Principle #2: PROCESS

This is how you’re going to achieve the purpose. For instance if you’re working with a high school basketball team, their why may be to jump higher, get faster and increase lateral acceleration.

Even before we get to our next section, we need to figure out how we’re going to get players to where they need to be. This is going to be where you choose your training split, and strategy of the entire training cycle that you are starting.

This should be writing down the entire training cycle and breaking it down into the daily process.

So for instance, Let’s say you’ve got 6 months with the basketball team prior to the first game. You’re going to build this based around three things.

  1. Time availability: If you’ve only got 2 days a week with a team, there are going to be some differences in the split than if you’ve got 4 or 5.
  2. Movement Patterns: Not the exercises specifically, but the general to specific patterns  you’re going to go in. So to keep in line with the basketball team, our general movements may be a lower body strength focus, but specific would be resisted lateral acceleration on the court.
  3. Progression: Spoiler alert, this is actually a step unto itself, but when writing out the big picture you need to have a general progression pattern in mind based on the specific adaptations that need to take place.

This will answer your How questions, So now you’ve got your goal, your purpose, your why, and you’ve got how you’re going to get to that purpose. Now it’s time to fill in the blanks.

Principle #3: PRIORITY

Consider this next step your first step into the “nitty gritty”. Obviously everything up to this point should be taken very seriously and be individualized based on specific sport needs, but this right here is where you get into the specifics of everything.

Your purpose is why you are doing what you are doing. It’s very high level and it creates the goal of the program. Your process is the high level programming based on Time, Movement patterns, and Progression.

Now you have to prioritize and this is exactly what you are doing when it comes to selecting exercises, reps per exercise, rest between sets, and load. You are quite simply going to prioritize movements, volume, frequency and intensity based on the purpose and where it fits into our process.

 

chart of explanation

 

This is where you can really get into the principle of specificity and transfer of training. You want to focus on movements that are going to correlate to an increase in performance on the field.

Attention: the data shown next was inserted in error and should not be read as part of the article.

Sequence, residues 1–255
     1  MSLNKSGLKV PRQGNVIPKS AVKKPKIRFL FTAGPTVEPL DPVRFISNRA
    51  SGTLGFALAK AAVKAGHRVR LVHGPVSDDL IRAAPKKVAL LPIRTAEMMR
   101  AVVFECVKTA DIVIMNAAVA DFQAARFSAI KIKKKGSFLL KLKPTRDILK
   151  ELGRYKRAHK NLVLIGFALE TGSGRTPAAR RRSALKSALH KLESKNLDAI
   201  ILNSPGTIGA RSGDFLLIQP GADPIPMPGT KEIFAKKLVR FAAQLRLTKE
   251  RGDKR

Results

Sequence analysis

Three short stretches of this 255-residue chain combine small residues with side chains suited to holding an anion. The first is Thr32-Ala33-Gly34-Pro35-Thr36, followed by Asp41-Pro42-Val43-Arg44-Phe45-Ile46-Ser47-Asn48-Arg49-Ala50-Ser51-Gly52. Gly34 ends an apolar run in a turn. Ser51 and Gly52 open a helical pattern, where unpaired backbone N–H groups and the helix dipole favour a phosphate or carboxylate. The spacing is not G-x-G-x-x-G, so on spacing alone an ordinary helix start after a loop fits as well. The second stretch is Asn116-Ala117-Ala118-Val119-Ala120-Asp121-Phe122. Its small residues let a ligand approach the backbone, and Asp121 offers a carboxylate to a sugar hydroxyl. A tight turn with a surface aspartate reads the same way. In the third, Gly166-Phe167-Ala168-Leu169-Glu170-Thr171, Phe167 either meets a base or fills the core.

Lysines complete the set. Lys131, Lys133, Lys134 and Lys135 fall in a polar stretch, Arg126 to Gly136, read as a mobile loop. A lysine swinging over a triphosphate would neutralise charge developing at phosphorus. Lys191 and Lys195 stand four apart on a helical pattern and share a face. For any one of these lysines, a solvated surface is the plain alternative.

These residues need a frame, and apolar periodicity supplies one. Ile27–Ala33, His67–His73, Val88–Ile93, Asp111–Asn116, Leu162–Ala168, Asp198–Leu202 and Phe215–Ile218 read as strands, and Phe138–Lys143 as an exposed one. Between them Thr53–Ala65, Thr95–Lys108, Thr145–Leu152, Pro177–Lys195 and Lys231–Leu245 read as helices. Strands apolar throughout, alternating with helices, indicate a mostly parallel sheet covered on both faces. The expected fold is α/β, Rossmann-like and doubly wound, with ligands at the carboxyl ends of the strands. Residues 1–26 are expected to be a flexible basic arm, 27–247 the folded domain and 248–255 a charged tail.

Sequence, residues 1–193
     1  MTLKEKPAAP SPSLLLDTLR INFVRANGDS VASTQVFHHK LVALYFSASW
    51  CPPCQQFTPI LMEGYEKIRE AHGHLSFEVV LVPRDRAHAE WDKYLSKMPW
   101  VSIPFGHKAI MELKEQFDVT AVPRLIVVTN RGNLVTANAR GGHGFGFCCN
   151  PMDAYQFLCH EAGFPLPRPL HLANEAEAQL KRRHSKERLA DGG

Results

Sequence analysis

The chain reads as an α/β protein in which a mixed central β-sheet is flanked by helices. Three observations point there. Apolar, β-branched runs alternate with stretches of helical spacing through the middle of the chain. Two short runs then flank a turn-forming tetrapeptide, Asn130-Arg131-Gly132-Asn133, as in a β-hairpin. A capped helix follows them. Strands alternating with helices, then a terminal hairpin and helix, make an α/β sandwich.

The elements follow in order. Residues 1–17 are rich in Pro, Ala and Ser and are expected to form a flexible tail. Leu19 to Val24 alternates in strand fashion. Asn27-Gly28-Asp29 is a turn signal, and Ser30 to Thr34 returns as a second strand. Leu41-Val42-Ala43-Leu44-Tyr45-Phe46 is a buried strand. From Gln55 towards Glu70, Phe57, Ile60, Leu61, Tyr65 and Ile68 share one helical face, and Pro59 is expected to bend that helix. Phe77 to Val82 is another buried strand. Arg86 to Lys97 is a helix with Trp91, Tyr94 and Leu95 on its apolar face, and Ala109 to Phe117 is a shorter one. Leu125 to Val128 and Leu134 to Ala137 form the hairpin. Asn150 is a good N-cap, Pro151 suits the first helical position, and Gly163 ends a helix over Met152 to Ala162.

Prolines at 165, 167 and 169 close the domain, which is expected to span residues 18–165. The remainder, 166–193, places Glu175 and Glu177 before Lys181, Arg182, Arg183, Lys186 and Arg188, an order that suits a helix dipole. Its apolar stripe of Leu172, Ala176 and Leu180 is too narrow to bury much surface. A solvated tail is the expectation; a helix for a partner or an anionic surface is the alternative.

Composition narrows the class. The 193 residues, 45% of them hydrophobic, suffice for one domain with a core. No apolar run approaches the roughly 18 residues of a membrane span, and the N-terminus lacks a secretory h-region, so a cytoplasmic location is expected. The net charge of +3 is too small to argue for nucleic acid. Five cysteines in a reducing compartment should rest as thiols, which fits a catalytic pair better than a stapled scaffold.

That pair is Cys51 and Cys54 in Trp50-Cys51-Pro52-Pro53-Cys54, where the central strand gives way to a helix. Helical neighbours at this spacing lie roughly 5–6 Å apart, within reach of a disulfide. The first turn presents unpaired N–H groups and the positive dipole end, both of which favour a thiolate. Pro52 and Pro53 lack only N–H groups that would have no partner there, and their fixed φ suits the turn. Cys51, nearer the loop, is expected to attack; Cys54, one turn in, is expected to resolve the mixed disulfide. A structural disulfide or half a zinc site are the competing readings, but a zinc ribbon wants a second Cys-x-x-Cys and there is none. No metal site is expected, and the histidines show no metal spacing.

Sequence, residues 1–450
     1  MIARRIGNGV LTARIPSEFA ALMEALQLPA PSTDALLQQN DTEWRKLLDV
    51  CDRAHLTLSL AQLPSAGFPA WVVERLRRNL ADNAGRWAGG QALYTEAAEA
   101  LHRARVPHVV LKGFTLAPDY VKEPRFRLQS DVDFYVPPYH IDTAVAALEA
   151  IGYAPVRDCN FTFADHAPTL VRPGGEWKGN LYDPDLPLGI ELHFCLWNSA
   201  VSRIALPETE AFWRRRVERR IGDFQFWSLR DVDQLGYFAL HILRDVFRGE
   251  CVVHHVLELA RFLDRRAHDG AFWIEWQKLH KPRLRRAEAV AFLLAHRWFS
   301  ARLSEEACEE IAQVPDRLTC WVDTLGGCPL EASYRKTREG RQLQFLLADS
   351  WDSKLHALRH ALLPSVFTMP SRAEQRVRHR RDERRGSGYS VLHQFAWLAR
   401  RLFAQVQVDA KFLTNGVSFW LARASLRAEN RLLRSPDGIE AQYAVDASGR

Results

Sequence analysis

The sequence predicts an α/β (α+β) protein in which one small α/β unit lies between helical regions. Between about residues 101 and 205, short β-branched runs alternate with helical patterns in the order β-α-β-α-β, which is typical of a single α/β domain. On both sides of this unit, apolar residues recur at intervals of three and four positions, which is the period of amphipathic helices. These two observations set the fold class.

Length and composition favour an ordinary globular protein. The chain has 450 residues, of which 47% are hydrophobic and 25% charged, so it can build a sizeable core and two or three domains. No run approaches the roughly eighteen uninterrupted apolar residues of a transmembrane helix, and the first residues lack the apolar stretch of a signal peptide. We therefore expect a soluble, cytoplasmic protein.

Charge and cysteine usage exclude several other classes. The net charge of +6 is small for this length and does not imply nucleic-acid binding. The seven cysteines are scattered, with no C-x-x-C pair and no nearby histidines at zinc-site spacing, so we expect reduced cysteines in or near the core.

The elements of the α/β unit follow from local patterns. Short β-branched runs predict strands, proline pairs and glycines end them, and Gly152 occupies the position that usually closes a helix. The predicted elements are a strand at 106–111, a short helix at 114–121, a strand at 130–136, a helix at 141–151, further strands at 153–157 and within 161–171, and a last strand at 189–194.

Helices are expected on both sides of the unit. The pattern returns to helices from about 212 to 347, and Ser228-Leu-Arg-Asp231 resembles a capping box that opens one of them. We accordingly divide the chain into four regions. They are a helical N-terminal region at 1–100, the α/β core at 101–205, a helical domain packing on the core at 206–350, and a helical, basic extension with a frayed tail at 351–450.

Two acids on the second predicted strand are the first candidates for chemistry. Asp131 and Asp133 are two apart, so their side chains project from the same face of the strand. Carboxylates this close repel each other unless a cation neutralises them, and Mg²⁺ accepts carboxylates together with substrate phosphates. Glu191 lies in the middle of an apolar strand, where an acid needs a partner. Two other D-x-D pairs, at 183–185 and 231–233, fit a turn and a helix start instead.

As you're writing this, you want to make sure that you're obviously building a solid foundation, but you want to avoid movements that are unrelated to the athlete’s sport in order to avoid the possibility of negative transfer. This is an extremely important part of our programming.

You want to specify the movements specifically for the adaptations you wish to occur. Think of specificity like a pyramid, the top of the pyramid are the specific competition movements, movements at the base are considered movements that are more general in nature.

The key to any successful program is to make sure that every portion of your pyramid, from base to top and everything in between improves results during the competition.

From here you can move onto progression, which you already started focusing on a bit in the process phase of your programming.

Principle #4: PROGRESSION

The progression aspect is quite simply providing us a direction of where to go. Think of this as your GPS. Up until now, I’ve just told you “Hey I want you to drive out to California to see your Grandmother.” I tell you why I want you to go, where I want to go and how I want you to get there.

The progression phase is where I give you the GPS, it will show you the exits, where you should get off to fuel up, and the exact turns, mileage and speed limit on your way there.

 

transitional periodization

 

This is really just a fancy way of saying “Hey coach, what’s your periodization?”

I won’t get too far into the weeds here because I’m sure you all know what periodization is, but for a quick refresh of Exercise and Prescription 101, Periodization is the division of training periods where programming variables such as intensity, volume, frequency, rest and exercise selection (among other factors), are strategically manipulated and varied in order to reduce risk of injury and maximize sport performance for individuals and sports teams.